On June 28, 2023, the European Commission published a set of new legislative proposals aimed at ushering in the digital era for payments and the broader financial sector, with a particular focus on consumers. One of these proposals is an updated directive on payment services and electronic money services (“PSD3”). Furthermore, the Commission published a proposal for a Payment Services Regulation (“PSR”) and a proposal for a Regulation on a framework for financial data access (“FDA”).
PSD3 and the PSR
The proposal for PSD3 and PSR fulfils an important obligation outlined in the Commission's 2020 Retail Payments Strategy. It aims to ensure that the regulations governing the European Union's retail payments sector remain relevant and responsive to market advancements. Additionally, the proposals encourage the growth and adoption of instant payments within the EU. The review of PSD2 identified several deficiencies in the current regulations applicable to the payments sector. These proposals seek to address these deficiencies by focusing on strengthening user rights and protection against fraud, enhancing the competitiveness of Open Banking services, improving enforcement and implementation in Member States, and facilitating access to payment systems and bank accounts for non-bank Payment Service Providers (“PSPs”).
The most important changes to the current regulatory framework are:
- The difference between e-money institutions (EMIs) and payment institutions (PIs) will disappear;
- Under the proposals, there will only be payment institutions, which can be granted authorization to offer e-money services as well.
- Under the new regime introduced by PSD3, authorizations already granted to PI and EMIs will remain valid for an additional 24 months, as from the entry into force of PSD3. However, these PIs and EMIs will have to submit a new application to their national competent authority (NCA) at the latest 18 months after the entry into force of PSD3, leaving the NCA the time to assess compliance. It will be pivotal for authorized PIs and EMIs to identify and assess the impacts of PSD3 on their application, to be able to keep their authorization.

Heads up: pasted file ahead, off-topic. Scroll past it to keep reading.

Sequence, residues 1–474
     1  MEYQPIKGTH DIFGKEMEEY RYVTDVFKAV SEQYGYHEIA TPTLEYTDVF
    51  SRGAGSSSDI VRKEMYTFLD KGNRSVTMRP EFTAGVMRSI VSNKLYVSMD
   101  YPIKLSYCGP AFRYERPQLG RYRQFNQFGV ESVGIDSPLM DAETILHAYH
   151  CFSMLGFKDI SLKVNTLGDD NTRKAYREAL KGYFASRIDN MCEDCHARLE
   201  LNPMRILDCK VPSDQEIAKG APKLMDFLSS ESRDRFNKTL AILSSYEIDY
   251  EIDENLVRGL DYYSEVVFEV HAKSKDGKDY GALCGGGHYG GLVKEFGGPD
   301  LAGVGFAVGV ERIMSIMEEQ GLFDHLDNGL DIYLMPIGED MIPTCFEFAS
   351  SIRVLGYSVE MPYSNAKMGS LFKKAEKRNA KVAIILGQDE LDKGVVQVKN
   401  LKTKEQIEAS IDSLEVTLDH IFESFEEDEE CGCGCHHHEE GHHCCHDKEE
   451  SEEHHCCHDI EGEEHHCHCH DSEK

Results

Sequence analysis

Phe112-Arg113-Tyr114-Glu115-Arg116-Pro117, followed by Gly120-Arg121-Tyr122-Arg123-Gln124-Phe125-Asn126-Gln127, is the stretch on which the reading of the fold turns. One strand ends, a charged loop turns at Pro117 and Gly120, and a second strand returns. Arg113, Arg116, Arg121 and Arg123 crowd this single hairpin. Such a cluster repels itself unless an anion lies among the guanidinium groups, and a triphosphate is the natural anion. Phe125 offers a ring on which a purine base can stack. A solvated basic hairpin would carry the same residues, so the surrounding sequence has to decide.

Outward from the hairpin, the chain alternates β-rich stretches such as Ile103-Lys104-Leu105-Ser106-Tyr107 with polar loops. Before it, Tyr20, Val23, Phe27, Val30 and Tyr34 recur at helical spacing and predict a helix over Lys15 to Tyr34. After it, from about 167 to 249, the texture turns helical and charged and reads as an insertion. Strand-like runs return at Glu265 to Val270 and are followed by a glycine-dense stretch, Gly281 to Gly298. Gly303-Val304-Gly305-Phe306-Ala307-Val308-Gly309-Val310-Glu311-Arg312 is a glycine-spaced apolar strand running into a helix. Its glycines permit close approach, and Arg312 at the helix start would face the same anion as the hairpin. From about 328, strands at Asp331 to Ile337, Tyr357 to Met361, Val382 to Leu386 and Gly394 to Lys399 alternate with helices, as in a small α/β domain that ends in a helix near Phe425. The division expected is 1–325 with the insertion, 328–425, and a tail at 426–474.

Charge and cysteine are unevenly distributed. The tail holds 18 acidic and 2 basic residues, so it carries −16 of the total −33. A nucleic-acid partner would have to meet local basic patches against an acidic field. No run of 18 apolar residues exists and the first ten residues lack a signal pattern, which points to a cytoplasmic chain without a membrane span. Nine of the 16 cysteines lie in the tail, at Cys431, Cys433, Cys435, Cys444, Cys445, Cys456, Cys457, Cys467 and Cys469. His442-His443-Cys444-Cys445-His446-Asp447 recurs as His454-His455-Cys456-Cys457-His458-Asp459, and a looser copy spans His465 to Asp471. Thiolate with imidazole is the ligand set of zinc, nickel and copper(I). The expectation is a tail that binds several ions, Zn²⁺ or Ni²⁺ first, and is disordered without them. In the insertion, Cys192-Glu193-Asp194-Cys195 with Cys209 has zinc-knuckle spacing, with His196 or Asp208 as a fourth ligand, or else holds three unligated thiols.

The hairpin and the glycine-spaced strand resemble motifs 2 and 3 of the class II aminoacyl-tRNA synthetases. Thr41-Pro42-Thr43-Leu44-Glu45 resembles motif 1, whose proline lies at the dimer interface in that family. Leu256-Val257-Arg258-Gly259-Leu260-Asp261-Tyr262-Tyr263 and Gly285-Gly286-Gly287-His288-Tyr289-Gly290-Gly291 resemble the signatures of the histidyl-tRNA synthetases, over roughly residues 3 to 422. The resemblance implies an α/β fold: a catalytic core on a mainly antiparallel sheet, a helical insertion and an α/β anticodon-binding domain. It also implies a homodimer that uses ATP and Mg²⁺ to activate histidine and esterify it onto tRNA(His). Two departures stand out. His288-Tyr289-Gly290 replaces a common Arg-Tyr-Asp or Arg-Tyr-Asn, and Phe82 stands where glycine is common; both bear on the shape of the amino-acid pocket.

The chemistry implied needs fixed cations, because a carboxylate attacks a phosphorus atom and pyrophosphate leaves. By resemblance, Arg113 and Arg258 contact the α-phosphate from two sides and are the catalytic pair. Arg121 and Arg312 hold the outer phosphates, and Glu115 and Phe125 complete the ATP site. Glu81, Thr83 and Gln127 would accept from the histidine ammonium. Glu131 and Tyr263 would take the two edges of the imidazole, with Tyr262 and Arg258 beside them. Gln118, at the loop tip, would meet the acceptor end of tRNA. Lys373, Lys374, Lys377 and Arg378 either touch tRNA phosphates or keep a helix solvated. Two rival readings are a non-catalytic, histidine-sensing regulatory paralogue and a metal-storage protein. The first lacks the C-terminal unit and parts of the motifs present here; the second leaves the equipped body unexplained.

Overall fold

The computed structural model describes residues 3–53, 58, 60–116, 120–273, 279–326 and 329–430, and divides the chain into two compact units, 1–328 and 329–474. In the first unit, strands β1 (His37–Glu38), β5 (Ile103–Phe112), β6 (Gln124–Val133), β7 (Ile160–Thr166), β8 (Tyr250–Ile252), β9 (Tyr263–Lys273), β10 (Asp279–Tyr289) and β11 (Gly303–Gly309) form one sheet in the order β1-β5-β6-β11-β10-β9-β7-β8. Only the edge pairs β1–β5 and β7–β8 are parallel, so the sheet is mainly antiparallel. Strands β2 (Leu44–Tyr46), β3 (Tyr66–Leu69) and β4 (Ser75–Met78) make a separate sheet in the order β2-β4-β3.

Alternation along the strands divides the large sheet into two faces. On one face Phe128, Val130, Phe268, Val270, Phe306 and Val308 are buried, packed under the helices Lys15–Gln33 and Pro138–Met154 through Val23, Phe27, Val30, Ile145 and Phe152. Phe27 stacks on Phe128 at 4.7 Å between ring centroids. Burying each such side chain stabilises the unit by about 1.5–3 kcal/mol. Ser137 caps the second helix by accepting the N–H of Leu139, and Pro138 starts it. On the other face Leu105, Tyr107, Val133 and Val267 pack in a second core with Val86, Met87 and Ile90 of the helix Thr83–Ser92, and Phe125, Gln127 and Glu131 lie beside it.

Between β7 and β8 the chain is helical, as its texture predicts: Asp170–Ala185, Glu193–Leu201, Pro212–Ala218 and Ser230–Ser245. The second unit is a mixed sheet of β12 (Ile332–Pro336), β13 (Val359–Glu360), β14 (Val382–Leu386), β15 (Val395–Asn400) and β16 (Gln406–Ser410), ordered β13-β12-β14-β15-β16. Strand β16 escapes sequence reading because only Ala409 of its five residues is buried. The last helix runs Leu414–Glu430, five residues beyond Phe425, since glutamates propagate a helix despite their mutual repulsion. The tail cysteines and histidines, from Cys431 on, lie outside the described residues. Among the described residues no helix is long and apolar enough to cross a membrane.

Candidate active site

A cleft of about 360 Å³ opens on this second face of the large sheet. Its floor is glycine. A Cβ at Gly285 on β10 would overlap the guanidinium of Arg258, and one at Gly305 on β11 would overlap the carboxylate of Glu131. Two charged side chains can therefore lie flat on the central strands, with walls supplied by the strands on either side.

- To combat and mitigate fraud risks:
- PSPs will be allowed to exchange fraud-related information between themselves;
- customer authentication rules will be strengthened;
- consumers who fall victim to fraud will have extended refund rights;
- a system for checking the alignment of payees' IBANs with their account names will be mandatory for all credit transfers;
- Improve consumer rights, in cases for example where their funds are temporarily blocked, improve transparency on their account statements and provide more transparent information on ATM charges.
- To improve open banking in the EU:
- non-bank PSPs will receive access to all EU payment systems, with appropriate safeguards, and securing those providers' rights to a bank account;
- certain obstacles to data access will be prohibited;
- Retailers will, under circumstances, be allowed to provide cash services to customers without requiring a purchase.
- The so-called commercial agent exemption shall be further narrowed, making it more difficult for parties (including marketplaces) to rely on this exemption from the licence requirement under PSD3.
Furthermore, by enacting most payment rules in the PSR, a directly applicable regulation, and reinforcing provisions on implementation and penalties the Commission hopes to strengthen the harmonisation and enforcement of payments regulations across the EU, creating a level playing field.